Nonetheless, many of these specialized requirements could be met faster if greater synergy existed between government and private sector researchers. Cooperative research between government and industry is neither new nor a lost art. However, both sectors now must work more closely in their research and development efforts to fully realize their potential in this dynamic technology era.
The immediate beneficiary of this approach would be the government. Defense planners would be able to adapt commercial advances for military systems while still in the laboratory. Similarly, discoveries unearthed in the course of commercial research may speed up the development of seemingly unrelated military technologies.
Over the long term, the commercial sector would reap substantial benefits from its cooperative efforts with government. Once again, breakthrough technologies would be sped into the marketplace. Hitherto, unknown applications could emerge to change the way of life for billions of people around the globe. The pace of technological advance, rather than abating, could accelerate.
Several programs have been shaping commercial research and development to meet government needs. For example, the military has made no secret of the fact that it will rely on commercial satellite telephony for a significant portion of its theater communications. Several companies currently are planning next-generation low-earth-orbit global telephony systems. Defense experts in some cases are working with company officials to influence the design of these systems so that they can meet military requirements.
This type of activity does not involve pressuring private industry to make extensive changes to ensure that the Defense Department will be a customer. Rather, it takes the form of cooperative development that incorporates minor alterations in design or capability to produce a future system that is better suited to meet government needs. These changes would not hinder the system’s competitiveness in the global marketplace but instead would actually improve its market penetration and sales volume by adding to its customer base.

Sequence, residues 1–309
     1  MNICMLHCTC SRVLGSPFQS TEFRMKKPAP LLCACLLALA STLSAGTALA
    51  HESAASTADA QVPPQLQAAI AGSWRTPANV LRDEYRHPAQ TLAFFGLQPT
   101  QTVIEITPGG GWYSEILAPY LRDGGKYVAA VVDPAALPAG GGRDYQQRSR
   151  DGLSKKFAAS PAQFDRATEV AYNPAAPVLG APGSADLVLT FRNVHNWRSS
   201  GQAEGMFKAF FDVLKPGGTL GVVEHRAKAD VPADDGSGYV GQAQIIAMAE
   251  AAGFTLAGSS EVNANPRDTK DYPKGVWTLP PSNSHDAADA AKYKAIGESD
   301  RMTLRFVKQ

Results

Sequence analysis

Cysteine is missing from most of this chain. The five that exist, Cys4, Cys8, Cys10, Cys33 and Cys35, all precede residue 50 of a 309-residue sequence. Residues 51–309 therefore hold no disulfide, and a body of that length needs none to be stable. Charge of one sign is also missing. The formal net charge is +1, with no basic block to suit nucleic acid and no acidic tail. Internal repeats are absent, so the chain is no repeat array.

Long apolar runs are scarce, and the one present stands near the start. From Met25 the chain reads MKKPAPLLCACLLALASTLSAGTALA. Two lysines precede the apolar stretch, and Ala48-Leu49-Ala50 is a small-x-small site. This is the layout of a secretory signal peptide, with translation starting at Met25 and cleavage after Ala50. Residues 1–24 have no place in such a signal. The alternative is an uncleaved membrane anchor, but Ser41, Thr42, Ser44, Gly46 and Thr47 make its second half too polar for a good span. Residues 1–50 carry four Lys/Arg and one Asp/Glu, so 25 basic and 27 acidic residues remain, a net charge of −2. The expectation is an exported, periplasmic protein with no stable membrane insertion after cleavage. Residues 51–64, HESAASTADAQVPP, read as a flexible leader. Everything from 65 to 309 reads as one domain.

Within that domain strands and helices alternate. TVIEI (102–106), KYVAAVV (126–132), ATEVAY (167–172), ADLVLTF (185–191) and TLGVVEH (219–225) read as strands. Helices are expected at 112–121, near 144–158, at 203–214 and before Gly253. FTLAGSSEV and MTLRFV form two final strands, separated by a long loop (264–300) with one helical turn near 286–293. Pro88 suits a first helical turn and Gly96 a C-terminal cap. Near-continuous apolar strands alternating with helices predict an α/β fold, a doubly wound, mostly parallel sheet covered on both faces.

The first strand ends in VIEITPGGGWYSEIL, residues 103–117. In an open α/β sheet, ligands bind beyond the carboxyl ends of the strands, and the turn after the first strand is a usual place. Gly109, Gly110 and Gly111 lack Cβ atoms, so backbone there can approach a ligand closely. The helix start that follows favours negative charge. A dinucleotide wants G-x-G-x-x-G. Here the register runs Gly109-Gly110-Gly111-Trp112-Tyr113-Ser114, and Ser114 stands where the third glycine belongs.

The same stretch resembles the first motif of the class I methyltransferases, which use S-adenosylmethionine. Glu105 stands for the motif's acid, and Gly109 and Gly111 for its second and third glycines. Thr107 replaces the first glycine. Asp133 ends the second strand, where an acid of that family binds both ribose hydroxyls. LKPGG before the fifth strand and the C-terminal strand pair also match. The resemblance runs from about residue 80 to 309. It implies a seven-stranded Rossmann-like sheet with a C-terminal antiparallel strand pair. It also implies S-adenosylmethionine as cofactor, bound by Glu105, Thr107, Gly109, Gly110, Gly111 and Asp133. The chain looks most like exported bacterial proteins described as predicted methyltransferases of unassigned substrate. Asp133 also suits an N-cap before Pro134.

However, this brings to light another potential drawback in overrelying on a specific commercial technology. If that technology does not ideally suit defense requirements, then the military runs the risk of becoming dependent on a partial solution that itself is subject to the whims of the commercial marketplace. The result could be a system that is made obsolete by another development or even fails to achieve market success and ceases production. The computing and telecommunications industries are rife with examples of good—and not so good—ideas that failed, leaving their users without necessary support for long-term use or system improvement.
This can be avoided through greater coordination between government and industry researchers. A commitment early in the research and development process could generate a geometric increase in productivity along the entire flow of technology from the laboratory to the field. The result could be this two-way street fast becoming its own information technology superhighway.